Throughout the Harry Potter series, the blood status of wizards is consistently discussed in a variety of contexts. Within the Harry Potter world, wizards who are born to two magical parents are referred to as “purebloods”, while some wizards originate from non-wizarding parents, otherwise known as Muggles, and are referred to as “muggle-born”. The majority of characters within this fantasy world identify as “half-bloods”, meaning that they were born to one wizarding parent and one Muggle parent (Rowling, 2001). In this fictional society, Muggle-borns suffer perpetual discrimination, prejudice and stereotyping (Sekar, 2014). For example, one of the main characters, Hermione Granger, is an intelligent student at the Hogwarts school studying with Harry Potter, and she was born to two Muggle parents. Throughout the series, Hermione is consistently teased and put down by other peers, because many wizarding students do not think she is as competent or capable of magic compared to those of pure-blood status. Additionally, because the main problem throughout the series is the threatening of the wizarding society by formidable Lord Voldemort, this antagonist’s main goals are to extinguish all Muggle-born wizards, in attempts to promote his core beliefs that worthiness of life equates to pureblood status (Rowling, 2007).

The blood status of wizards and magical beings within Rowling’s Harry Potter series can arguably be a direct parallel with issues of race and ethnicity in our country today (Walters, 2015). Likewise to how Muggle-born wizards suffer from stereotyping, discrimination and prejudice, individuals identifying as a minority race also experience a considerable amount of oppression within present day society (Pharr, 1988). Though J.K. Rowling’s series does not overtly mention issues of privilege and oppression in relation to reality, the consistent themes of social justice for Muggle-borns and overt targeting and racism against them by purebloods is a congruent example of oppression within a book series consumed by readers of all ages (Sekar, 2014). Rowling’s young adult fiction series can thus educate children and adolescents about such social justice disparities regarding ethnicity and race.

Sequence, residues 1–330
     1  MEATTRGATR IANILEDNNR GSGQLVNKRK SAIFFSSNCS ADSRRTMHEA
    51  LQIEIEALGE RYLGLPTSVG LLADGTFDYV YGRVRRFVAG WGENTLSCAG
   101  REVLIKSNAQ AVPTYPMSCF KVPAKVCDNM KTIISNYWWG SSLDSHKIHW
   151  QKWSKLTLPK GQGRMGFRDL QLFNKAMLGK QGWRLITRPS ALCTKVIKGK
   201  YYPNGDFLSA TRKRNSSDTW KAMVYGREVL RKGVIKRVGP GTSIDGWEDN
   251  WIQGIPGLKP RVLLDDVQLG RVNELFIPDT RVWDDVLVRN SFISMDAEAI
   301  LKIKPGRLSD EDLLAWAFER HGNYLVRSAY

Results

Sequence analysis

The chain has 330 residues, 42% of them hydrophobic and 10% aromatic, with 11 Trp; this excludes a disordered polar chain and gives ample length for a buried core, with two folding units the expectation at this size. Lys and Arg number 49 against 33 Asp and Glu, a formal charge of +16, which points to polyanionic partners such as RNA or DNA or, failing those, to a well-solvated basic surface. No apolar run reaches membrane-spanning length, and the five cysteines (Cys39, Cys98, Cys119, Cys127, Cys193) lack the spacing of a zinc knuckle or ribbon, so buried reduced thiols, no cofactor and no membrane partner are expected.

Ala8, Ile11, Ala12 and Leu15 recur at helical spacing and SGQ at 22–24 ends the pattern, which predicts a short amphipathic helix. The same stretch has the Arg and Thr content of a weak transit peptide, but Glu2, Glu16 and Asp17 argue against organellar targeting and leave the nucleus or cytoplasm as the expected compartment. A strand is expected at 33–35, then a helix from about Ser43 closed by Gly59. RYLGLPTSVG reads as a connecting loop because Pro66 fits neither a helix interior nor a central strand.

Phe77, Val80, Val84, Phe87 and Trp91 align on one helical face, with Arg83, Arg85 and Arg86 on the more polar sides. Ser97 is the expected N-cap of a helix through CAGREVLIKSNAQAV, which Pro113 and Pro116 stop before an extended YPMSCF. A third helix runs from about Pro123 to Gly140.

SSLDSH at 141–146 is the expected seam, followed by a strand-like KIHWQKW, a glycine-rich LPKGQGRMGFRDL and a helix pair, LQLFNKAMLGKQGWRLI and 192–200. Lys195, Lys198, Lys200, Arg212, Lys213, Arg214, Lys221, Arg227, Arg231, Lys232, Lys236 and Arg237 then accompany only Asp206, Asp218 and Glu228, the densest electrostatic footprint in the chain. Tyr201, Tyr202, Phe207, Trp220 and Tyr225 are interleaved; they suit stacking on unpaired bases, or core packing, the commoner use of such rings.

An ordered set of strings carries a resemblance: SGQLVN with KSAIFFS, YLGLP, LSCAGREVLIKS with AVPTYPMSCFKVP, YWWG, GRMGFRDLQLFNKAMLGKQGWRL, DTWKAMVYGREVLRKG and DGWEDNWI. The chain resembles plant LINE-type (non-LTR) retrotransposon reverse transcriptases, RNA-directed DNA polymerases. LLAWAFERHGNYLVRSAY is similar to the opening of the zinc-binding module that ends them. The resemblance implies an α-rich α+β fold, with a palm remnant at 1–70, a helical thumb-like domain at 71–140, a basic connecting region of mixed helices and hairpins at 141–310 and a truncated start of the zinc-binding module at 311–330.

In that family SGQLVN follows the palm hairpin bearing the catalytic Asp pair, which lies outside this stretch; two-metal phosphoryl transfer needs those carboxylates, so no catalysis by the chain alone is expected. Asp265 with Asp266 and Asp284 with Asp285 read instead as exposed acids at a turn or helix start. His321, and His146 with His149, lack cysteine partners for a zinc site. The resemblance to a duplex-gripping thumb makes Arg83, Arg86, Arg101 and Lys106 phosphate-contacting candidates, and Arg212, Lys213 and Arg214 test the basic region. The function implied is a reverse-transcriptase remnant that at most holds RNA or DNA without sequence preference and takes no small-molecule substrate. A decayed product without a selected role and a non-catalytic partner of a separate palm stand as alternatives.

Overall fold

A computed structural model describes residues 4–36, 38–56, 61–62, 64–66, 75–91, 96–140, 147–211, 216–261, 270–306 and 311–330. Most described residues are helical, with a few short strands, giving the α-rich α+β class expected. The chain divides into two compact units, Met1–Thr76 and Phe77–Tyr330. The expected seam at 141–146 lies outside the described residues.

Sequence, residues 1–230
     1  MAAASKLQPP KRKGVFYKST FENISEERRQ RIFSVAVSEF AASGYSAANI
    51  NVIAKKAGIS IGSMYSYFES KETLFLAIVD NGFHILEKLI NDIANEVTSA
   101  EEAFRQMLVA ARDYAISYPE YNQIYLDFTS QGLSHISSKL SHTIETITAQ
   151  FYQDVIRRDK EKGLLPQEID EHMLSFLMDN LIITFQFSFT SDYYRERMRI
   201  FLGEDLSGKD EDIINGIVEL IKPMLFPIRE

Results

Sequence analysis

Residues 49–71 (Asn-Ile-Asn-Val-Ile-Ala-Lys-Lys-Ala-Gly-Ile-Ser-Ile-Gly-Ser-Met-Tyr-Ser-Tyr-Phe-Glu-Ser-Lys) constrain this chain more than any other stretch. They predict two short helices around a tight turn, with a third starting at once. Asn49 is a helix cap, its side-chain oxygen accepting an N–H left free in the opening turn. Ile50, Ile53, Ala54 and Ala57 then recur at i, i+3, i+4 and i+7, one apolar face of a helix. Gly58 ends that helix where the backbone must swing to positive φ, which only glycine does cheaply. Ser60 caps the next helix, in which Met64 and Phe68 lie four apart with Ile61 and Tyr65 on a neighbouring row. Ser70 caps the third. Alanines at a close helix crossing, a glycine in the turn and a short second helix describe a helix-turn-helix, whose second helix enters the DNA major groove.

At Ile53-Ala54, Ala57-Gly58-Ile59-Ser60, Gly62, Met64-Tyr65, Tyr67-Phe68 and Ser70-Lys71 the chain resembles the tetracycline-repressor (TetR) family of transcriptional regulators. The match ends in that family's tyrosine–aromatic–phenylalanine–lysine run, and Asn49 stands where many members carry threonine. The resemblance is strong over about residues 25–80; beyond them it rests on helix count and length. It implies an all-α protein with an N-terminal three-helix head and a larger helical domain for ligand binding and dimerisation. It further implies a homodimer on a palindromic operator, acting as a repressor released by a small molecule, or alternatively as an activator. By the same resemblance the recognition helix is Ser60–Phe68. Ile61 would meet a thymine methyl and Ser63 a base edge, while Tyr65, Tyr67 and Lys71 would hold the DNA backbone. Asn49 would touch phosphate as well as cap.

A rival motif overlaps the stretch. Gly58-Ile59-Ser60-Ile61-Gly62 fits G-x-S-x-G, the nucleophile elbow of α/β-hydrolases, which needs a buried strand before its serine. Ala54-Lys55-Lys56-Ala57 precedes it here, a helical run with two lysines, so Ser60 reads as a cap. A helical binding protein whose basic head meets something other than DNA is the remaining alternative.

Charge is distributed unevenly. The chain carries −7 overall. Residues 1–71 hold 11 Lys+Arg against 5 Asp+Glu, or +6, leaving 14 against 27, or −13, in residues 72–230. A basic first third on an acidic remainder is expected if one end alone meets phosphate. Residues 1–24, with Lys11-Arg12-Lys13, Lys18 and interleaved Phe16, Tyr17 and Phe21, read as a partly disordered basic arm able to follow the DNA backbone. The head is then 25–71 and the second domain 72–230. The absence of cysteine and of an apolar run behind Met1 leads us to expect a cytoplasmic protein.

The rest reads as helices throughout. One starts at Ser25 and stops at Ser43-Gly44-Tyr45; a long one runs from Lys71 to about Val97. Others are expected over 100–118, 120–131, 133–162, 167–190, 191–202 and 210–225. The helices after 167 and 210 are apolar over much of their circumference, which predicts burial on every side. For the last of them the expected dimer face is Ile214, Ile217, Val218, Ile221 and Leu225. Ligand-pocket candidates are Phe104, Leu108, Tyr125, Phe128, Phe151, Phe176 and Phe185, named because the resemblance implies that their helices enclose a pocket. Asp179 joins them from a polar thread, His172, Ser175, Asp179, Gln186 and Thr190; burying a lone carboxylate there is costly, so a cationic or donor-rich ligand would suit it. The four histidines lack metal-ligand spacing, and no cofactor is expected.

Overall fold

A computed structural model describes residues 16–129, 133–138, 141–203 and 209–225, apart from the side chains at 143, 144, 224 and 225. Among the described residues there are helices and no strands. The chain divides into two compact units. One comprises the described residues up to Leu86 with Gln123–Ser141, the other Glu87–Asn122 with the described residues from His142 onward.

Gender Equality in Upcoming Superhero Movies

Finally, exploring a third diversity concept of gender, upcoming superhero movies can be explored based on their promotional and advertisement materials in our media today. pop7.jpgVarious magazine covers and news article blurbs, specifically ones about Wonder Woman and Captain Marvel, have been showcasing feminine power and emphasizing gender equality within the nation (Child, 2018). These two blockbuster superhero movies both feature female heroines, and various magazine covers have sported headlines such as “The Future is Female” and “Women Heroes: It’s About Time” (Russo, 2018). As such, this third form of media—magazines and news articles—connects with how pop culture and movies are currently portraying gender disparities. Because magazines and news articles are so commonplace, being overtly present at the grocery checkout line, popping up on Facebook feeds, or showing up as advertisements before YouTube videos, these new portrayals in pop culture can be an indirect way of teaching consumers about gender inequalities in America.